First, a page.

One thin thread of hope
Your review of the new Power and Barrett book left me feeling that Mr. Power had left behind some previously articulated wisdom (HCN, 12/17/01: Economics with a heart, but no soul). My memory of an earlier Power book - The Economic Pursuit of Quality - and Ms. Debra Ellers' letter in the same issue prompted this response from me.
I have lost hope for a recreation- or service-based economy, for I have not seen living wages result, and I have seen abuse by recreationists of the land and a quality of life for workers that is hard to envy. I have lost hope for sustainable extractive industries, for there are too many people needing jobs in what used to be the rural West, and not enough resources available now to sustain our communities in that manner.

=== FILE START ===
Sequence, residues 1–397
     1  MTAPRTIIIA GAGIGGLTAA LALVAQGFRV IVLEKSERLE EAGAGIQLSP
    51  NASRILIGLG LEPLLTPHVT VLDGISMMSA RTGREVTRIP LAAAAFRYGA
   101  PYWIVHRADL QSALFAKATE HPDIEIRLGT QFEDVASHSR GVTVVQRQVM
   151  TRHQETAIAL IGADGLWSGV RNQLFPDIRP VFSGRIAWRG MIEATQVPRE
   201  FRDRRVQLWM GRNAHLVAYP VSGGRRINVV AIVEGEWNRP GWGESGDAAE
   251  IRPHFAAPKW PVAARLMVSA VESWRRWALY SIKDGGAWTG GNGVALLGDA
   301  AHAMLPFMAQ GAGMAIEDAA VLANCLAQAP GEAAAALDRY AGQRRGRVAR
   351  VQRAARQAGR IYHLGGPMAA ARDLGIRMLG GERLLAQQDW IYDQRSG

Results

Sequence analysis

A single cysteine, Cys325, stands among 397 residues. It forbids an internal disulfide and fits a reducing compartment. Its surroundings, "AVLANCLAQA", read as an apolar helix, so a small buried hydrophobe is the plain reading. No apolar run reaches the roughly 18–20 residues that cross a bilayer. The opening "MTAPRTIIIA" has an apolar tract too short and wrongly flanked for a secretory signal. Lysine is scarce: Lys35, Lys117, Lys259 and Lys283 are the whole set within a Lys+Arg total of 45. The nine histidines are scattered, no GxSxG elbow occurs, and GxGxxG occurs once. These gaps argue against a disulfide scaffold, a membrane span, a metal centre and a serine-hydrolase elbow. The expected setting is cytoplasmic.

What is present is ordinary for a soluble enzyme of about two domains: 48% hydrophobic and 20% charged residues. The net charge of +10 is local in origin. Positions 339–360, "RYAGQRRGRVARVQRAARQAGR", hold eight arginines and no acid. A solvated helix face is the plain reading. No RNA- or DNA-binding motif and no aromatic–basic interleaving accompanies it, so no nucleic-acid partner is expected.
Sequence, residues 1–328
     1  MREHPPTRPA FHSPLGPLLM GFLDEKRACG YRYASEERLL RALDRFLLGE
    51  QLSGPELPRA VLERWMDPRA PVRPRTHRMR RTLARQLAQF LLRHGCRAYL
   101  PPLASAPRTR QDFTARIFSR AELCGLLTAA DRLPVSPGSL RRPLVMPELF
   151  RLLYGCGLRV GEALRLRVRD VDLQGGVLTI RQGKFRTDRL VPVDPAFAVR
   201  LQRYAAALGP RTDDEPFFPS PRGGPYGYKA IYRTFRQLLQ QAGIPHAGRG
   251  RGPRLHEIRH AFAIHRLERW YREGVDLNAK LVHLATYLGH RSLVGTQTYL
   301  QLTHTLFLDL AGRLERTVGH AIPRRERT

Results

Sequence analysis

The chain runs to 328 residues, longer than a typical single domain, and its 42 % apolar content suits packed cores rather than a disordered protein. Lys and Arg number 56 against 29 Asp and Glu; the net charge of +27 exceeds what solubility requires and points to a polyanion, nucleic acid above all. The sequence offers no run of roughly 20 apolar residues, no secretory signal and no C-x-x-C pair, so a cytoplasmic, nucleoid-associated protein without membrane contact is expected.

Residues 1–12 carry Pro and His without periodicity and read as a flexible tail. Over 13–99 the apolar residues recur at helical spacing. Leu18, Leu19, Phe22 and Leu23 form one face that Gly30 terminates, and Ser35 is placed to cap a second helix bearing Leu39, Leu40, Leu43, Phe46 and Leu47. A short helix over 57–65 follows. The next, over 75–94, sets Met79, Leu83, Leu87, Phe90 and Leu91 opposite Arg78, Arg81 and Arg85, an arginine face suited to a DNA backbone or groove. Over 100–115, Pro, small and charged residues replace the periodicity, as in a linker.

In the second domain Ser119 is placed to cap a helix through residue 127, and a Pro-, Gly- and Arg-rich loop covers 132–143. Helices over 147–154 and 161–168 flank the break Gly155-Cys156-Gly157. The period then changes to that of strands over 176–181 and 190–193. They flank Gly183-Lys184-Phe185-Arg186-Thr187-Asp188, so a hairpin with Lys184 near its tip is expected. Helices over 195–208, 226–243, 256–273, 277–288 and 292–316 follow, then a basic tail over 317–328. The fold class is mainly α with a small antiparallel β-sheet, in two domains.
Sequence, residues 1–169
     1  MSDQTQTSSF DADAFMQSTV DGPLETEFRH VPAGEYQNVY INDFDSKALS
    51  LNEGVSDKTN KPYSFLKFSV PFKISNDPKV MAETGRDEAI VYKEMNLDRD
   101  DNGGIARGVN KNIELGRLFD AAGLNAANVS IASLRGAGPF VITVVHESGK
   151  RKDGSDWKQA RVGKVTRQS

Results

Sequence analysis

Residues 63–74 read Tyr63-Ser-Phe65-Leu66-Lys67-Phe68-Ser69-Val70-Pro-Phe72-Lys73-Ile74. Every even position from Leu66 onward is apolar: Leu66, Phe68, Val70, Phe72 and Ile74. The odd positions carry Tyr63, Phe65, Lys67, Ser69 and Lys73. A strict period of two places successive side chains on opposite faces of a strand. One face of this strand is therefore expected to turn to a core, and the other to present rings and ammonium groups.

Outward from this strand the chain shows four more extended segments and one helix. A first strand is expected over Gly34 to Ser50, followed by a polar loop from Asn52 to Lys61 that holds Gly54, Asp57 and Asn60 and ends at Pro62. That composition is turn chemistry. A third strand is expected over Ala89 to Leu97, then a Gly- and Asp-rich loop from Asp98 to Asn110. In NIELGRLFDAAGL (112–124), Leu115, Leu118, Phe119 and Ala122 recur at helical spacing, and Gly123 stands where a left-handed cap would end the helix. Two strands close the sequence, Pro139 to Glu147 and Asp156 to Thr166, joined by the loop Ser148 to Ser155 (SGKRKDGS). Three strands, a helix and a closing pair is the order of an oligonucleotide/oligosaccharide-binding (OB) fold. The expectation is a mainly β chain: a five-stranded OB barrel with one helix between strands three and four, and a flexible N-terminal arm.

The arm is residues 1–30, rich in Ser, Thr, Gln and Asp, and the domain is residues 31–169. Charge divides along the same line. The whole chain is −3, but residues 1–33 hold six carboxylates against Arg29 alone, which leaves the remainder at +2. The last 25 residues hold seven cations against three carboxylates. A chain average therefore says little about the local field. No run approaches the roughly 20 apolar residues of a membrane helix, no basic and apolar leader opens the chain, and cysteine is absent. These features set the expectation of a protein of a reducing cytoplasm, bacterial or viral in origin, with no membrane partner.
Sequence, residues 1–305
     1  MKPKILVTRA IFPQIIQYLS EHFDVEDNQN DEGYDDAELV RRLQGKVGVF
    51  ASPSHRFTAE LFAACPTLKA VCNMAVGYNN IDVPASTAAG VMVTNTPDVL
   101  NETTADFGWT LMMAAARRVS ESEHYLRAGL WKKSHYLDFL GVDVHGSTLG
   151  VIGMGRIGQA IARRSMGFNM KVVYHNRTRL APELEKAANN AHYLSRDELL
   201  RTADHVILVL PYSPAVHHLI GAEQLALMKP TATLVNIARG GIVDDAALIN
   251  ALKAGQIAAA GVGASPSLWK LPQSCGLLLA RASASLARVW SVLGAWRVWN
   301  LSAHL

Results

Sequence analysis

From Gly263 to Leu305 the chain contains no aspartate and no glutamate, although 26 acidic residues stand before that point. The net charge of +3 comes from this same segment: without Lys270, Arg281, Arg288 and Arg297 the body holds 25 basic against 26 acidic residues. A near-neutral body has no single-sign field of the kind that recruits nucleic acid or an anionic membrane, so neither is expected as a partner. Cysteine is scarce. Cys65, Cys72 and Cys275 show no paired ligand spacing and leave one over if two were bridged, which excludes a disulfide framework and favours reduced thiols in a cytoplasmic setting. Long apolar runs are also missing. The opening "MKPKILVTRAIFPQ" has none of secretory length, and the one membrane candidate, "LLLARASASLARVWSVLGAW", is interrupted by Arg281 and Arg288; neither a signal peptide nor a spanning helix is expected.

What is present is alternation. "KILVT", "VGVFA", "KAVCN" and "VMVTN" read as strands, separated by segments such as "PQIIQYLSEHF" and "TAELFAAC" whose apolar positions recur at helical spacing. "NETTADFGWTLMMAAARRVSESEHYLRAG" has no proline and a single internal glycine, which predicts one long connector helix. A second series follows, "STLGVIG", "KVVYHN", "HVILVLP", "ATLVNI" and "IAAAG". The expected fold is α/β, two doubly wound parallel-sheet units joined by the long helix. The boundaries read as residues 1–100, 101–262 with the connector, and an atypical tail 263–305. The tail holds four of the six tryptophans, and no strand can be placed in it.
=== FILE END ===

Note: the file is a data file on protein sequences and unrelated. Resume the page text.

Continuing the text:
I have lost hope for importing businesses that export their products, for I have seen them cut back or fail altogether when the global economy goes soft, and then the community's greatest reward is yet another empty building.
The only hope I have is that we'll all begin caring about what we trade money for, where it comes from, whom the product's sale benefits, what resources were consumed in its manufacture, how long the resultant impacts to the earth will last. And that ultimately we'll care enough to keep our money, the benefits, our consumption and our impacts local, where we can respond to them and be responsible for them every day.
I do not believe the doomsayers who say that a lower standard of living is inevitable without our global markets, for I have seen quality of life improve when attention is paid to these details of expenditure, and the land, at least, does not suffer more, for there are more inhabiting it who care.
This one thin thread of hope sustains me through stories of more people, more consumption, more clear-cuts, more trophy homes. And every day I practice spending locally and responsibly, I see the difference it makes. Thank you for your review.